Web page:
Shoppers are slowly making their way back to the high street as pubs, cafes and restaurants reopen, according to the latest footfall data from BRC and ShopperTrak.
UK footfall declined by 42.1% in July, a big improvement on the 63% slump in June and the near 90% collapse during April’s peak at the height of the pandemic.
Retail parks proved to be most popular last month, with footfall down by 22.4% year on year as the open spaces, higher proportion of supermarkets and larger stores that were quicker to reopen helped shelter the sector from steeper drop-off in business.
High streets recorded a fall of 47.5% in footfall, which represented an improvement on June’s drop of 64.5% as the reopening of pubs, cafes and restaurants gave an additional boost.
Shopping centre footfall declined by 48.1% year on year in July, improving on June’s -68.3%, but still the most negatively affected location, partly due to enclosed spaces making social distancing more of a challenge.
Northern Ireland saw the shallowest shopping centre footfall decline of all regions, with -23.1%. Wales and Scotland saw higher rates of decline than the UK average, with -53.3% and -54.4% respectively.
BRC chief executive Helen Dickinson said: “July was the first full month in which shops were allowed to open in all parts of the UK.
“While retailers will welcome the improvement in footfall across all shopping destinations, it remains well down on pre-coronavirus levels. It remains too soon to say how well retail will recover in the coming months, but it clearly remains a difficult trading period for many physical retailers.”
She added, with retail footfall recovering slower than in many other European countries, much would depend on how fast consumer demand returned.
Andy Sumpter, retail consultant at ShopperTrak, said: “July saw a number of lockdown measures rescinded, and retailers will now look and hope for a return to some form of normality.
“As well as more retailers re-opening in Scotland at the end of June, there was the introduction of mandated face coverings in stores, where adoption and compliance seem to have been good generally. The first full week with face coverings did not deliver any significant uptick in footfall over the prior week. However, it is likely that the good weather was a more significant factor.”
Dickinson added, retailers had done their bit to keep shoppers and staff safe.
“We now need government to play their part by providing clear plans for schools, transport, and office working, all of which impact the way we shop. The safety of the public is a top priority and we believe clear communication will help build public confidence and help bolster local high streets and shopping centres during the summer months.”
The first shots of a post-Covid price war have been fired as the lockdown-driven spike in supermarket inflation dramatically fell back in July, The Grocer reports this week.
The Grocer Price Index, the monthly measure of supermarket inflation collated by Edge by Ascential from more than 60,000 SKUs, showed price inflation falling to a six-month low of 0.4%.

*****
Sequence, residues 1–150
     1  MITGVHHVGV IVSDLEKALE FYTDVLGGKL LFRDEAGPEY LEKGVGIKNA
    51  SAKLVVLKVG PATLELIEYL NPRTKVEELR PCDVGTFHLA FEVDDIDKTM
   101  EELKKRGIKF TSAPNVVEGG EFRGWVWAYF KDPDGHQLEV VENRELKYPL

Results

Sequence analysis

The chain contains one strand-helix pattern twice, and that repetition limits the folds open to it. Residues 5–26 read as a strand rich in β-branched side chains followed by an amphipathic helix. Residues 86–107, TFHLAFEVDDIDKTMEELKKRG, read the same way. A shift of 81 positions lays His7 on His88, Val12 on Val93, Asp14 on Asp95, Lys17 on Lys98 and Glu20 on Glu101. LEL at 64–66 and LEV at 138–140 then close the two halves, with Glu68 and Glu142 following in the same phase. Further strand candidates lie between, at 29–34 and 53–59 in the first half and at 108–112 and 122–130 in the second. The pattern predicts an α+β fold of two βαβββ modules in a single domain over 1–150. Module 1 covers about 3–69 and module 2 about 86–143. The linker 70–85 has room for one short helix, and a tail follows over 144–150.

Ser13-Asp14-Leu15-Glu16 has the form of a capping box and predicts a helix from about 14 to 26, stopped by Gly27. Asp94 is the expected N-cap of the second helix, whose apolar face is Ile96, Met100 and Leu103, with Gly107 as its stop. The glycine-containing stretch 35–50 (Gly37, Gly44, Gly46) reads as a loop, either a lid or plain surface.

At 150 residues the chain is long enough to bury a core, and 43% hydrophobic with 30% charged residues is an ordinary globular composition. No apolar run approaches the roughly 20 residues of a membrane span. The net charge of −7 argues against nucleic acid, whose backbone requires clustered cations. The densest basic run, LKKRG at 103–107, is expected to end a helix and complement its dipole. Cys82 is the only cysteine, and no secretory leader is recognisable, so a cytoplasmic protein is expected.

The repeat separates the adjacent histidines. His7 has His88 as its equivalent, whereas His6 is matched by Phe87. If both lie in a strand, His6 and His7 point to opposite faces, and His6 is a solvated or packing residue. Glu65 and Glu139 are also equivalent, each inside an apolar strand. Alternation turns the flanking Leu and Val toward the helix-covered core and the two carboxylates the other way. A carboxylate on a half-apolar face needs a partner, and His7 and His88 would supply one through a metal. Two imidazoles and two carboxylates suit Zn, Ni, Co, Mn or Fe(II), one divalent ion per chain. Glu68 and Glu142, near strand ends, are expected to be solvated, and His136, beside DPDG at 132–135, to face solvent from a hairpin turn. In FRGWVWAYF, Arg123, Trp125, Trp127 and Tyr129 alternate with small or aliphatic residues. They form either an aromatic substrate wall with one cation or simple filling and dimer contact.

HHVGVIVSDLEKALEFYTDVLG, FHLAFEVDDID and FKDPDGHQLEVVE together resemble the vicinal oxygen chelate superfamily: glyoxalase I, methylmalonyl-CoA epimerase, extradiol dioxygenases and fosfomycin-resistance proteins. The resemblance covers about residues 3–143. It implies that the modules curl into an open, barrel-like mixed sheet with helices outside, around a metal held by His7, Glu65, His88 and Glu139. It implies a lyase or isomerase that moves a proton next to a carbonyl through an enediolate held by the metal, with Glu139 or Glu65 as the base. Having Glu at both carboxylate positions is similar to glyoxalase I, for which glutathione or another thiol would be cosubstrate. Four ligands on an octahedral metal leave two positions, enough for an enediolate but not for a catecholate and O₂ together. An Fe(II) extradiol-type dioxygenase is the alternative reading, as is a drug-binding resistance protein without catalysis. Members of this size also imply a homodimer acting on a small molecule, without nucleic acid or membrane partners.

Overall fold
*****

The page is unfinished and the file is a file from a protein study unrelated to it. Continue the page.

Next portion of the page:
It represented a sharp reversal of the shelf price inflation seen in the early weeks of the coronavirus outbreak, when annual inflation ran at 2% in April and 1.6% in May.
During the lockdown a fall in the number of promotions as supermarkets prioritised supply over sales volumes helped drive a short-term inflationary spike.
The steady rise in promotions has helped depress inflation, but supermarkets have also started taking action on price as they prepare to operate in a coronavirus-driven recession.
To read the full story, see this week’s edition of The Grocer or visit thegrocer.co.uk/finance.
The FTSE 100 has made a positive start to the day - just - climbing 0.03% to 6,029.07 pts.
Early risers so far include SSP Group, up 1.9% to 230p, Britvic, up 1.3% to 833p, and Naked Wines, up 0.9% to 430p.
Marstons, down 2.1% to 46p, Glanbia, down 1.9% to €9.45, and McColl’s, down 1.5% to 35p, are among the fallers.
Yesterday in the City
The FTSE 100 ended the day 1.2% down to 6,032.48pts as the blue-chip index was weighed down by heavy losses from construction groups Barratt Developments and Taylor Wimpey and resource firms Glencore and Rio Tinto.
Coca-Cola European Partners registered an 0.4% rise to $40.61 after reporting a 26% revenue slump in second quarter and a 48% drop in first half profits as the Covid-19 lockdowns across Europe and Great Britain hit volumes.
McColl’s saw Wednesday’s 10% gains more than wiped out yesterday after its delayed interim results showed lower during the pandemic led to a first-half loss. Shares in the convenience group slumped 14.6% to 35p yesterday.
Investors retreated from WH Smith after a small rise on Wednesday when the troubled retailer announced 1,500 job cuts and store closures as it battles the hit from the coronavirus crisis. The business’ share price fell 8.6% yesterday to 914p.
Other fallers yesterday included C&C Group, down 4.1% to 220p, Diageo, down another 1.8% to 2,576.4p, and Greencore, down 5.1% to 125p.
Naked Wine jumped 3.3% to 434p on the back of a trading update declaring total sales in July are expected to be up 73% on the prior year to bring sales growth in the first four months of the financial year to 76%.
Winners included Greggs, rising 4.1% to 1,357p, Vimto owner Nichols, up 4.4% to 1,218.5p, and Bakkavor, up 2.3% to 65.9p.